British bank notes set for plastic surgery
The Bank of England is considering a plastic fiver and a £50 with transparent slots to improve durability and protect against counterfeiting in the next generation of bank notes.
De La Rue, the British notemaker, bought the Bank's printing operations in 2003 and has a contract to produce the UK's notes until 2015. However, it is understood that the contract could allow new suppliers to produce some of these updated notes ahead of that date.
Bank officials are believed to be concerned that the £5 note, which as a low denomination changes hands quickly, is not tough enough. Sterling notes are currently made mainly from cotton, but Australia paved the way with a polymer currency that better withstands everyday use.
A source close to the Bank said: "This is at the evaluation stage. A decision won't be made for the next year or two and production a little while after that, but a plastic £5 note is a possibility even though it won't provide as much security as other options."
A polymer note is considered easier to replicate than those with clear, plastic windows within a traditional cotton fabric. The Bank is considering the latter option for its other notes, favouring a trial with the £50.
A far less used note, the £50 does not require the durability features of a fiver, but is more costly to the economy if counterfeited on a large scale. "The Bank is looking at ways of putting a see-through, transparent window on notes as a primary security feature," said the source.
An industry source added: "There are ongoing conversations about the future features of banknotes, particularly in order to combat counterfeiting, between the Bank and industry suppliers."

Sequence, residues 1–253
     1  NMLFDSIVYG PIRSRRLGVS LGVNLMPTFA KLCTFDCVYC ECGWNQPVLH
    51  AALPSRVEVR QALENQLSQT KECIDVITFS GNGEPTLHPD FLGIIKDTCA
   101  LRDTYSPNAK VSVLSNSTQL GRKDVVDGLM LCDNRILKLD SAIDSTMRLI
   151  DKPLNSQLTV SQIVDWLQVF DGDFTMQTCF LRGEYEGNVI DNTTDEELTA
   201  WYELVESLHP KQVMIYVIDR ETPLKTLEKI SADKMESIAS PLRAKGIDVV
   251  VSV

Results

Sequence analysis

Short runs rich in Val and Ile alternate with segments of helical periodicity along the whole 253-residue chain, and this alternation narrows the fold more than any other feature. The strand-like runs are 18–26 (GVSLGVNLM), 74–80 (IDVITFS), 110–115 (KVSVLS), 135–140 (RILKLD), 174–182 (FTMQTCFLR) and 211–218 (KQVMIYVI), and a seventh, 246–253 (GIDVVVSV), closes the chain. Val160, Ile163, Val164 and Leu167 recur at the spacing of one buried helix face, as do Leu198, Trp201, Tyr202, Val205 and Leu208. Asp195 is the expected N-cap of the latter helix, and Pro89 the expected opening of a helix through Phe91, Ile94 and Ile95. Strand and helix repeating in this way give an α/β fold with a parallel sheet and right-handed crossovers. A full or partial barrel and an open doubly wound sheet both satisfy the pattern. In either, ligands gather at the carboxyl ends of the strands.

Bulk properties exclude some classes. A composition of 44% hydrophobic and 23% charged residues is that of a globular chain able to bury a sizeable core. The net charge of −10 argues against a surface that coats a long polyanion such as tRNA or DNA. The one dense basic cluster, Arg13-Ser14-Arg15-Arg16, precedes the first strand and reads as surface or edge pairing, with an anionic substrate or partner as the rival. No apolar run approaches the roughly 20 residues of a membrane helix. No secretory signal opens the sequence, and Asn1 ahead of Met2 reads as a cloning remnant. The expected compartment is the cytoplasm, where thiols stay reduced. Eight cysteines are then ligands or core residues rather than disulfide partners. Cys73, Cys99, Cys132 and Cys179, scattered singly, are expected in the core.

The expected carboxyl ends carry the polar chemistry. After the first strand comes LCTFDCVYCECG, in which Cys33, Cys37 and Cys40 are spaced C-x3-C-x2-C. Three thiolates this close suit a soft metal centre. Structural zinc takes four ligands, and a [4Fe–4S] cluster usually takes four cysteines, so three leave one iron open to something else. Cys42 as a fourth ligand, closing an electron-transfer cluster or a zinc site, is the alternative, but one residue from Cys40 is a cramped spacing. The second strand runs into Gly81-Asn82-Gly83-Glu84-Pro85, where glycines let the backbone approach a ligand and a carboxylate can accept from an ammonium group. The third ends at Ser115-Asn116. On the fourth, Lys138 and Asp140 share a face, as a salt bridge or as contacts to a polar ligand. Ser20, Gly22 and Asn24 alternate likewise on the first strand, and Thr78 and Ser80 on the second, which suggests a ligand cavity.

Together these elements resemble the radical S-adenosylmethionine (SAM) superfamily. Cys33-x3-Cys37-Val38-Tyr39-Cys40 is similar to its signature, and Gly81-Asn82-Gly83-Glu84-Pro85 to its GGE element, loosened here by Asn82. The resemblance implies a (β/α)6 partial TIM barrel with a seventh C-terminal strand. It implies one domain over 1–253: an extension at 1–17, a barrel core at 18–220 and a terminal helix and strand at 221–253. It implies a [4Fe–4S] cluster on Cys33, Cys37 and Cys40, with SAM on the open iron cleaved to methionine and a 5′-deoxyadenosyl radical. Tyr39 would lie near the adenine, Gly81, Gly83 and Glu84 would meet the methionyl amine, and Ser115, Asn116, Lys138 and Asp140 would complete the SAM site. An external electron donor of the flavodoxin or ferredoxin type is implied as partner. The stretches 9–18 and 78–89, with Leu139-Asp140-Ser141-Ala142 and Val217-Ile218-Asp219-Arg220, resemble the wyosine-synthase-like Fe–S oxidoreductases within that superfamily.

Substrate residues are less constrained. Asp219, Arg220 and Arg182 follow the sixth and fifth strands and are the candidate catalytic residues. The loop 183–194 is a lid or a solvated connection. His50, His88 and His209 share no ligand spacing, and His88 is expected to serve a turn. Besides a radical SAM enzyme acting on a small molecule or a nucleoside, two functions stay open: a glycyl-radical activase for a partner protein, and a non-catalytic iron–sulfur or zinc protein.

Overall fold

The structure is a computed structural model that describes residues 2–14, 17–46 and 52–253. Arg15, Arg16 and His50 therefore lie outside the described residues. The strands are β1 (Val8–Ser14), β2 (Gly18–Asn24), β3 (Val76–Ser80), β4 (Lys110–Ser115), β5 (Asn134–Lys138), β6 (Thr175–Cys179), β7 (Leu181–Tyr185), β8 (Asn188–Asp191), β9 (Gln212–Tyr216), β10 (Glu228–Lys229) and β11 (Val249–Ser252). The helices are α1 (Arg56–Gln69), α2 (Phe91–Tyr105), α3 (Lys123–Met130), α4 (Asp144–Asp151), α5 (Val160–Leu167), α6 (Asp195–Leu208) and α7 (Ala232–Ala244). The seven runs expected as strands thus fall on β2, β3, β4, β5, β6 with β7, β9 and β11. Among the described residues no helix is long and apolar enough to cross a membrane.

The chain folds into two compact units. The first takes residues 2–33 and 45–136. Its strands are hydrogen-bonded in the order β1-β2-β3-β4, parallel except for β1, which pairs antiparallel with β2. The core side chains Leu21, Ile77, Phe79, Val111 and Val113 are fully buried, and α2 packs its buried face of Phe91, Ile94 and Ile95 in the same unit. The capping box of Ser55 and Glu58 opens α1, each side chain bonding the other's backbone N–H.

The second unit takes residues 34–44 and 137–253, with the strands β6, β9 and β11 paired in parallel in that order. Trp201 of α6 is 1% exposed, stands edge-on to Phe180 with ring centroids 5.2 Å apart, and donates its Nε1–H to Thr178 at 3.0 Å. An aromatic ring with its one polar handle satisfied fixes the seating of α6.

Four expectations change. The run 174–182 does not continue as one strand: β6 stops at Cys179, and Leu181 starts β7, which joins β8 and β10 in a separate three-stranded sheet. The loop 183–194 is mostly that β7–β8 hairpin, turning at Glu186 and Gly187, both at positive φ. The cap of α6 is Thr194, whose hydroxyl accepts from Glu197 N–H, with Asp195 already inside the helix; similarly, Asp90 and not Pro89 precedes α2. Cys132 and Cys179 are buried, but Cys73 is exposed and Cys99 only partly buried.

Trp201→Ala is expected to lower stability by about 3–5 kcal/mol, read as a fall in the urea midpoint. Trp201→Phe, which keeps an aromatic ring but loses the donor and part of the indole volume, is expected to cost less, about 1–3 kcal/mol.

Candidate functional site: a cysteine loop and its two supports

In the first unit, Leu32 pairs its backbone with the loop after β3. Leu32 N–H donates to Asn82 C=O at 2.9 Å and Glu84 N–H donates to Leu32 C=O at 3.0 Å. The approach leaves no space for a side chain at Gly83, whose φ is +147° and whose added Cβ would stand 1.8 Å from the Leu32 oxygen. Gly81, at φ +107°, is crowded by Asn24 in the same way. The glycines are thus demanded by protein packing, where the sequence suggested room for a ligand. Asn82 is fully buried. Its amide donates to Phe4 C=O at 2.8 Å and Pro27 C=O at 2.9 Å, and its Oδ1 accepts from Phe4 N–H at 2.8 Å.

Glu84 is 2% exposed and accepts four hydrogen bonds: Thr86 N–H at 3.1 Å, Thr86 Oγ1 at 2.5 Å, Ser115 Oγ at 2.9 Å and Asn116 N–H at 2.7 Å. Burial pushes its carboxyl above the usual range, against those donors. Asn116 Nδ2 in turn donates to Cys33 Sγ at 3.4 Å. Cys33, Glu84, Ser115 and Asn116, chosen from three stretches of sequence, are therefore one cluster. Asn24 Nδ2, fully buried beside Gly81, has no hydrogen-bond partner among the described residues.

The European Central Bank is considering similar anti-counterfeiting measures for its second generation of banknotes. Banknote makers are producing prototypes, several of which are understood to include plastic windows.
These notes have been heavily delayed: the first series is already nine years old and was expected to be replaced this year. However, existing notes would have remained legal tender for at least a few years as it takes time to replace them.
There have been suggestions that the first note to start production will be the €5, commencing next year and appearing in 2013. The €10 would follow in 2014 and the €20 in 2015.
That's some guestlist! Stunning images show huge dynastic wedding between Ultra-Orthodox Jewish families which attracted 25,000 guests
'Sickening, deluded and unforgivable': Horrific attack brings terror to London’s streets
German chancellor Angela Merkel named most powerful woman in the world by Forbes - again
World news in pictures
Eyewitness Ingrid Loyau-Kennett gives extraordinary account of her confrontation with Woolwich attackers
- 1 'Sickening, deluded and unforgivable': Horrific attack brings terror to London’s streets
- 2 Mothers' diets may harm IQs in two-thirds of babies
- 3 Far-right French historian, 78-year-old Dominique Venner, commits suicide in Notre Dame in protest against gay marriage
- 4 Eyewitness Ingrid Loyau-Kennett gives extraordinary account of her confrontation with Woolwich attackers
- 5 Woolwich attack: The EDL might have a sinister plan as a soldier is murdered in suspected Islamic terrorist attack
BMF is the UK’s biggest and best loved outdoor fitness classes
Find out what The Independent's resident travel expert has to say about one of the most beautiful small cities in the world
Win anything from gadgets to five-star holidays on our competitions and offers page.